How to Shop Vintage
When Sydneysider Beth Armstrong wore a black, high-necked embroidered cotton blouse to a party, her friends were surprised to hear that her Victorian-era top was close to 100 years old. Of course, her friends wanted one too -- and so Armstrong’s vintage business, TheTravellingDress.com, was born. “It gave me license to buy numerous beautiful pieces which otherwise seemed too extravagant or impractical,” says Armstrong.
Meanwhile, Alyce Moschini of Perth would return from her lunch break laden with op-shop treasures. It was when a co-worker suggested she start a blog that her online shop, TheVintageValley.com, began to take shape. “To me, the attraction of vintage is the originality of the pieces you find. They all have a history and are a one-off piece that can’t be found in a store,” says Moschini.
We asked Armstrong and Moschini for tips on how to score a one-of-a-kind find when you’re shopping for vintage items.
Keep an Open Mind
“Look for good fabrics and vibrant patterns,” says Moschini. “Don’t let an amazing piece go because it looks a little large, has shoulder pads or the length is too long. These are all things that can be altered.” If that dress is missing a belt, Armstrong suggests checking the hem to make a belt out of the fabric. She also advises doing alterations straight away; otherwise “it will sit in your cupboard for years.”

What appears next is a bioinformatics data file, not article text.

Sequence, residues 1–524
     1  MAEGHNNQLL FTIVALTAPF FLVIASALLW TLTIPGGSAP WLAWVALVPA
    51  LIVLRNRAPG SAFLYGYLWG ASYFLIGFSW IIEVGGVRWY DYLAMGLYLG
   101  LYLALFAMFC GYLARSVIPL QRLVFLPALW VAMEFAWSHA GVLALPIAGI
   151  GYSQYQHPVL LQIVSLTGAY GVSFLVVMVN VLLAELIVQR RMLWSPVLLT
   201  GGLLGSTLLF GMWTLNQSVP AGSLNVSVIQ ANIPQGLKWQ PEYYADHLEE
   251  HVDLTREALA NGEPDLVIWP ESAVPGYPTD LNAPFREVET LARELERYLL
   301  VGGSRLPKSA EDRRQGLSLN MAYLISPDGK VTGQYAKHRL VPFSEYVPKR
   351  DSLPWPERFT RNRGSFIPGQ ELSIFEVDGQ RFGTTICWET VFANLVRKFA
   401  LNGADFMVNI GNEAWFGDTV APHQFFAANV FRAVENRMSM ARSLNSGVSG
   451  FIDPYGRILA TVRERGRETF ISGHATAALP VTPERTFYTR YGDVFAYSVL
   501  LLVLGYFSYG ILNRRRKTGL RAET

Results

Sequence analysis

Inspect zippers, pockets, buttons and necklines, and make sure the material isn’t stained or torn. “Underarm stains are the worst; they can be impossible to shift,” says Armstrong. “Check also for major thinning and weakness of the fabric -- especially silk.”
Look Beyond the Rack
A secondhand store is a treasure trove beyond the clothing sections. “Go into the fabric and lace racks,” says Moschini. “Sometimes they have a gold mine of vintage fabrics you can whip into a long bohemian skirt.”
Take Care Immediately
As soon as she’s home, Moschini washes all her vintage finds in cold water and dries them flat. For any marks that need a little more attention, she uses a mild detergent to ease out stains. Armstrong cautions against leaving clothes with metal hooks and eyes to soak overnight, as they can leak rust and add new stains. “I learnt this the hard way,” she notes.
Feel the Glory
“When I felt I’ve had nothing to wear or couldn’t afford to buy a new dress, vintage clothing has bailed me out on numerous occasions,” says Armstrong. So go forth with confidence and rummage.